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Ramses did end up at the University of Memphis, the school she missed the Sun game for, and made her mark quickly. She won the “Rookie of the Week” award her first week in the league, and has won numerous defensive awards. More recently, she approached a major milestone, her 1000th point. She has also grabbed more than 500 rebounds and had over 250 steals, and is only the 6th player in U. Memphis history to achieve at this level. As Ramses approached the milestone, an excited buzz rose up on the Internet in the spirit both of women’s basketball and of Stoneleigh-Burnham, and when she finally made it, friends and fans from all over joined in congratulations. We could not be happier for her or prouder of her, and wish her all the best as she continues through her senior season.

Photo credit: Joe Murphy

-Bill Ivey, Stoneleigh-Burnham Middle School Dean

Filed Under: Women's Basketball, Alumnae, Ramses Lonlack '08, University of Memphis, athletics, Boarding and Day, On Athletics, College Prep, All Girls Education, The Faculty Perspective, Stoneleigh-Burnham School, Education, Admissions

I used to think... and now I think...

November 29, 2011 by Bill Ivey

Nancy Flanagan is one of the most thoughtful and respected edubloggers out there. Now a consultant, she spent 30 years in the classroom as a middle school music teacher. In an October entry for her blog “Teacher in a Strange Land” in “Education Week-Teacher,” she wrote about Richard Elmore’s new book in which he invited 20 well-respected educators to reflect on the prompt, “I used to think… and now I think…” Nancy’s entry detailed her complex and provocative reflections on the evolution of her own thinking. Nancy is a member of Teacher Leaders Network, and she posted a link to her blog on one of our discussion boards. Another member, Steve Owens (coincidently yet another music teacher!) proposed we all answer the question in that forum or on our blogs. Here then, is my own take on what I used to think and what I now think from my perspective as a long-term girls’ school teacher.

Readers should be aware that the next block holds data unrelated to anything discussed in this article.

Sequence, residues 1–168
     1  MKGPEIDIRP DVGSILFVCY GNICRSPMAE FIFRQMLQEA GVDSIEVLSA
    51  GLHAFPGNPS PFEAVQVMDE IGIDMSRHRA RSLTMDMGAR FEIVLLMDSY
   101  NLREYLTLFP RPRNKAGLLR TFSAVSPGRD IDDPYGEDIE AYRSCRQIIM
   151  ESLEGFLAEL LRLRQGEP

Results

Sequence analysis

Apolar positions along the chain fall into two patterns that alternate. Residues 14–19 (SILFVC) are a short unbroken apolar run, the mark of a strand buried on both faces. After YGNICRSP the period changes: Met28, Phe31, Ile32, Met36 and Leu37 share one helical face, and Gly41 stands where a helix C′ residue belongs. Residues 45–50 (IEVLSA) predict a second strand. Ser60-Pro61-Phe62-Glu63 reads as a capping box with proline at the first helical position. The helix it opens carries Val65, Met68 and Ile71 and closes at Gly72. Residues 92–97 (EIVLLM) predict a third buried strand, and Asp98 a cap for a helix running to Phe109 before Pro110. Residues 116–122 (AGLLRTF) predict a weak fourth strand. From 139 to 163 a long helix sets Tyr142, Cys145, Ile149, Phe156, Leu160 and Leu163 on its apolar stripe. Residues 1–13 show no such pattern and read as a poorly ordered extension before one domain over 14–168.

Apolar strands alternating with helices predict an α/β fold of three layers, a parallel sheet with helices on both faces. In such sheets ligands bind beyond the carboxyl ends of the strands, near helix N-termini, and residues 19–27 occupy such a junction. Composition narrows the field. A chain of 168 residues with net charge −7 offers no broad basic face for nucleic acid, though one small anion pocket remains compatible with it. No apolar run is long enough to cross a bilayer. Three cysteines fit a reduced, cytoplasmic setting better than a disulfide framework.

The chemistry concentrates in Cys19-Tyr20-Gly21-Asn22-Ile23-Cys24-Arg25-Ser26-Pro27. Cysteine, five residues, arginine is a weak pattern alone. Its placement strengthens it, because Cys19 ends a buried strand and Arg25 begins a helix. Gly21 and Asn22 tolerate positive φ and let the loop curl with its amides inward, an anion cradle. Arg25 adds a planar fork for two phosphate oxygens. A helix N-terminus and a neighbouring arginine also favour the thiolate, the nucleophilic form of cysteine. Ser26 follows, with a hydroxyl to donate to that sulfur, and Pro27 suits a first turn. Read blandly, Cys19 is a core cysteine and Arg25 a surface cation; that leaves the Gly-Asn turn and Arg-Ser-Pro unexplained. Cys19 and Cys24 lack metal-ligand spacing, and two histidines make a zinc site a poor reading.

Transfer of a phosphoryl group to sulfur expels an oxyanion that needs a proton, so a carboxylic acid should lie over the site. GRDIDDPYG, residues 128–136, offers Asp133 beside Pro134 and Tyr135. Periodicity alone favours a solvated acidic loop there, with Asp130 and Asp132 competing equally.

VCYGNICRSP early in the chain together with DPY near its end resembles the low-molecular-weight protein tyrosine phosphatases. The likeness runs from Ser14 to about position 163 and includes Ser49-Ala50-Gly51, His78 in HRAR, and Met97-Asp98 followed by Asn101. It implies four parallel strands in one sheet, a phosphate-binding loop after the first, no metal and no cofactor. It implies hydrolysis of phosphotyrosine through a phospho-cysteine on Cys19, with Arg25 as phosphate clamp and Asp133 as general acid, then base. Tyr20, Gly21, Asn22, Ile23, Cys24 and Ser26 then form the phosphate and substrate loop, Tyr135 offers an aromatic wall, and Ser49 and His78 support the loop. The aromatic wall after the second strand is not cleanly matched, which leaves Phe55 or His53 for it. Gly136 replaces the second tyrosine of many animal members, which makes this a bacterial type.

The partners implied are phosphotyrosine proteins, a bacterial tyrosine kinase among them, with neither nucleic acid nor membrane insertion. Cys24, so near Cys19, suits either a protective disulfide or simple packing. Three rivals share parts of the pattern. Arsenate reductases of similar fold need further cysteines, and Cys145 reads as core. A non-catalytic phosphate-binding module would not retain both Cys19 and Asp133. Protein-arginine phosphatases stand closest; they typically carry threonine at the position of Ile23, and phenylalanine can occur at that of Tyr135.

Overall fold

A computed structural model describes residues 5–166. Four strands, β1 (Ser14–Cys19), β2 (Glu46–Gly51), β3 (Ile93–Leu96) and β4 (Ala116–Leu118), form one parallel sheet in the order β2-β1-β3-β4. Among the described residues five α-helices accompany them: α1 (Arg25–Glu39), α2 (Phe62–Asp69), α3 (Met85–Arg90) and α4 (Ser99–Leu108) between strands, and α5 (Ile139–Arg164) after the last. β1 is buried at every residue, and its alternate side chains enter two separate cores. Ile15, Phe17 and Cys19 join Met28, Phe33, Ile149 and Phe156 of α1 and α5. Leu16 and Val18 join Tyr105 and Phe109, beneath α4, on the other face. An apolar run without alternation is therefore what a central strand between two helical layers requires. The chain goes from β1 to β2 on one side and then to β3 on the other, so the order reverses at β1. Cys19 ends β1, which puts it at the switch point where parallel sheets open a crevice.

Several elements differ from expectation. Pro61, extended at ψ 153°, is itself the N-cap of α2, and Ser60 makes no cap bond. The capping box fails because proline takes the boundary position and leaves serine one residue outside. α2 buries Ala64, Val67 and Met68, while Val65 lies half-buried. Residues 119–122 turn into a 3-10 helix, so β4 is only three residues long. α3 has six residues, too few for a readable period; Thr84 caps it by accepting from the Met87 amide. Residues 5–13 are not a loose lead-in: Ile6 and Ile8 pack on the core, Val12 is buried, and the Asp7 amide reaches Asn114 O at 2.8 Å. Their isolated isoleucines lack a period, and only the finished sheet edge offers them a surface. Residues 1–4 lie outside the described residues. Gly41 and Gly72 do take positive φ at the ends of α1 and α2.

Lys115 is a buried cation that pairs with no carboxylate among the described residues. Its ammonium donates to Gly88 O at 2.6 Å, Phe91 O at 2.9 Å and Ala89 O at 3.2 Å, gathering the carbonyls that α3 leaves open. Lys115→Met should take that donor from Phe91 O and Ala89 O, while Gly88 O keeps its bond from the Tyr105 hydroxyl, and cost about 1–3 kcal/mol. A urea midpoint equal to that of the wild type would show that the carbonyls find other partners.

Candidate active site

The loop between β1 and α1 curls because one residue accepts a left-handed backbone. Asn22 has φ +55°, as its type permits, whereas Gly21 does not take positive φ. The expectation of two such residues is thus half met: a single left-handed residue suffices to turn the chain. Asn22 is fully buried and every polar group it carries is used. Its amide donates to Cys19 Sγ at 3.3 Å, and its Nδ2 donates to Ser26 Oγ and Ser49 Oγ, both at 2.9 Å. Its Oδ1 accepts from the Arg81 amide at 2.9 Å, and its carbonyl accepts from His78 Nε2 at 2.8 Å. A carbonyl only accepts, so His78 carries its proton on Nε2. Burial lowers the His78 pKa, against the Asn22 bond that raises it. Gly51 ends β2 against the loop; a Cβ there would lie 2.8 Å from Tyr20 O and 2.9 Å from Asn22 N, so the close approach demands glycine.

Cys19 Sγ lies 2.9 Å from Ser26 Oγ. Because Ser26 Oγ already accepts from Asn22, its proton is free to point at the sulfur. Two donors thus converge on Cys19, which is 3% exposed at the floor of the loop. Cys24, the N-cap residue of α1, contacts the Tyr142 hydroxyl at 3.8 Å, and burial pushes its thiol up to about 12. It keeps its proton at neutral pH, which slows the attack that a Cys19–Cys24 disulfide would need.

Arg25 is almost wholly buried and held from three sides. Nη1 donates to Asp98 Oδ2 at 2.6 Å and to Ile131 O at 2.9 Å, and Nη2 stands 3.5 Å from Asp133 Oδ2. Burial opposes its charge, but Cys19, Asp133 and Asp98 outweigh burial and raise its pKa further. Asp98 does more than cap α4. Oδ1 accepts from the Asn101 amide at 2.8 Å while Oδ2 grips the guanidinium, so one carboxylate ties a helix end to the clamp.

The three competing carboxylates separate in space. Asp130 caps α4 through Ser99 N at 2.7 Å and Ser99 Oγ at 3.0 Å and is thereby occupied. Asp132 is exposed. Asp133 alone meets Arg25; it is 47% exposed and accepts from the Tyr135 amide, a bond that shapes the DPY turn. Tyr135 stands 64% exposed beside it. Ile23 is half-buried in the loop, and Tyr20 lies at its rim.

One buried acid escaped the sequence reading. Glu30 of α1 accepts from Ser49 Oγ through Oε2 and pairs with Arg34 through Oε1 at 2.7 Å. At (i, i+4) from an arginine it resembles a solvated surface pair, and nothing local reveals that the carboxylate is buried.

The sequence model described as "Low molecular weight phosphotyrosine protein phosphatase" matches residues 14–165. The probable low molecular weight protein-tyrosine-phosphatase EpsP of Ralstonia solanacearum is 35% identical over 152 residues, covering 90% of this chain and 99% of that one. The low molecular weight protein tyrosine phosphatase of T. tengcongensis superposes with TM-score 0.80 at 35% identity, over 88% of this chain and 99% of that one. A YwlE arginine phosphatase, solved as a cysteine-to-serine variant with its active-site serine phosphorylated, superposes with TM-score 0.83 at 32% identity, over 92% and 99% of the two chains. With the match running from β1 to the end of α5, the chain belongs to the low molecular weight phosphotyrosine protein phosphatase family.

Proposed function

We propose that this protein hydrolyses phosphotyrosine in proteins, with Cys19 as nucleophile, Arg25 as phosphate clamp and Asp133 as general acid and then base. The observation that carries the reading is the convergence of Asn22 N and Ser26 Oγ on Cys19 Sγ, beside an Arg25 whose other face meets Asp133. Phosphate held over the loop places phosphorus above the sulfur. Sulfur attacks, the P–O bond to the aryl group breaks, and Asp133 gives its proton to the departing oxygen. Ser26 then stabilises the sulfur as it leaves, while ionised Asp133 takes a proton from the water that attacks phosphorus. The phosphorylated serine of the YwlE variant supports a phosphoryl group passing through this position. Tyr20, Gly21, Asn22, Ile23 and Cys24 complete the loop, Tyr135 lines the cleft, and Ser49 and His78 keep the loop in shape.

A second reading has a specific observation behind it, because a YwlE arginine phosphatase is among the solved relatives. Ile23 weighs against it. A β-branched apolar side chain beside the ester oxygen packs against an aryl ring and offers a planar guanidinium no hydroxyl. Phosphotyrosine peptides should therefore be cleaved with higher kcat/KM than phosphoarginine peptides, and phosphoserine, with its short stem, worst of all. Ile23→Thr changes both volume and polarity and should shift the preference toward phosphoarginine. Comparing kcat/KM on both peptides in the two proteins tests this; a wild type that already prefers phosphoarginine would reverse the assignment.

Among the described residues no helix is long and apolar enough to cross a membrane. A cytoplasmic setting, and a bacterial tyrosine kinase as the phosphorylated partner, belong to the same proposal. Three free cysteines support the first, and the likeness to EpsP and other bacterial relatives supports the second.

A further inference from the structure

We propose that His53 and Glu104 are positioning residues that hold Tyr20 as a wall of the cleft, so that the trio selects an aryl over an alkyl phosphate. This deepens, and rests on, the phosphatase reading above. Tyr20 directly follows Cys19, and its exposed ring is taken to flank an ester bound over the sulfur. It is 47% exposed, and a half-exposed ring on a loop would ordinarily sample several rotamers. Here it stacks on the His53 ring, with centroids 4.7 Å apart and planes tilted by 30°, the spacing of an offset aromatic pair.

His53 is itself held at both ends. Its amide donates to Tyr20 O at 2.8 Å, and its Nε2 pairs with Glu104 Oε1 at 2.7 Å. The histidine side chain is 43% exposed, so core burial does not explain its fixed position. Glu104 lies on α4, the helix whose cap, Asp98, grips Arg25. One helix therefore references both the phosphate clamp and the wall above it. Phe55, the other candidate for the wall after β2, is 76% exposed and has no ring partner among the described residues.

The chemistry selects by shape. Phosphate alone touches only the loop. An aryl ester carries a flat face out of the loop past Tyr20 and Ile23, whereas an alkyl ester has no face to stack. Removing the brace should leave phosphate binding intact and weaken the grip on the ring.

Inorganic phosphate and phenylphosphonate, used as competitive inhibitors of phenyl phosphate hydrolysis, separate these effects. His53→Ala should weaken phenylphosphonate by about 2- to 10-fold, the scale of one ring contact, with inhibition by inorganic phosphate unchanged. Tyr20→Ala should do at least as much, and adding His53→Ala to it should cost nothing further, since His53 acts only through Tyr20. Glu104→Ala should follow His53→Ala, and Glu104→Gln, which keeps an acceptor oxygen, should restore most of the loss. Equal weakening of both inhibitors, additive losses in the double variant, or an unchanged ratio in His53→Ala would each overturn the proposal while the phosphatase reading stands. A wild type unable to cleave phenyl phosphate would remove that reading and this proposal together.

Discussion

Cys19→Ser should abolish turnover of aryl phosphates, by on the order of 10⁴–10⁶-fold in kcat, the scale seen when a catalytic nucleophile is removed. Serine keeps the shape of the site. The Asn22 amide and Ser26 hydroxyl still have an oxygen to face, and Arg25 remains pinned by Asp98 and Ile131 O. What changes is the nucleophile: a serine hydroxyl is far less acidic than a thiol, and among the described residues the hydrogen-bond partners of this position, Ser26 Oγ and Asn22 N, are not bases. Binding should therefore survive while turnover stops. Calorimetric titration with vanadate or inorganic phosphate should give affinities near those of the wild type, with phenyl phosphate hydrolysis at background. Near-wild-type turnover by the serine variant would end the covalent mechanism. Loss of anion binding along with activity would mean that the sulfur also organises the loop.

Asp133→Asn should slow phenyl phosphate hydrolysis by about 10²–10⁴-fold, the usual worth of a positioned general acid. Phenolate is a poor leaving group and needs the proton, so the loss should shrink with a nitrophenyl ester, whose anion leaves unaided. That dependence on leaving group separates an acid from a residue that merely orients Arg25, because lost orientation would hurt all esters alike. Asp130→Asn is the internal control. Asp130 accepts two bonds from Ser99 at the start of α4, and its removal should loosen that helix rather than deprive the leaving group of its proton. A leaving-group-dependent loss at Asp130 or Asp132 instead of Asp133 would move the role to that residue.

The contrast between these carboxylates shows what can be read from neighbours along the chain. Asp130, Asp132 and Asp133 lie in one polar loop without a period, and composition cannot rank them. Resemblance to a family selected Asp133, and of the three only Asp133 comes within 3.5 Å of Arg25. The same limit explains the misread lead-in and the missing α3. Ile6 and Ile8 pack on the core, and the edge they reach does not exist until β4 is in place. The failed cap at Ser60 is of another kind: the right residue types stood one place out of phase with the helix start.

I used to think private education was a different world from public education. Then, I thought they were essentially similar. Now, I think the answer is both a) and b).

Filed Under: Middle School, Teaching, Grades 7-12 and PG, On Education, Boarding and Day, edublog, All Girls Education, Stoneleigh-Burnham Middle School, The Faculty Perspective, Teachers Leaders Network, Stoneleigh-Burnham School, Education, Admissions

A Tale in Tweets, Posts and Photos.

November 10, 2011 by SBS Admissions

September 28, 2011:

@sbschoolorg

Filed Under: Grades 7-12 and PG, School Happenings, soccer, athletics, On Athletics, All Girls Education, Stoneleigh-Burnham School, Uniquely Stoneleigh-Burnham School, Education, Admissions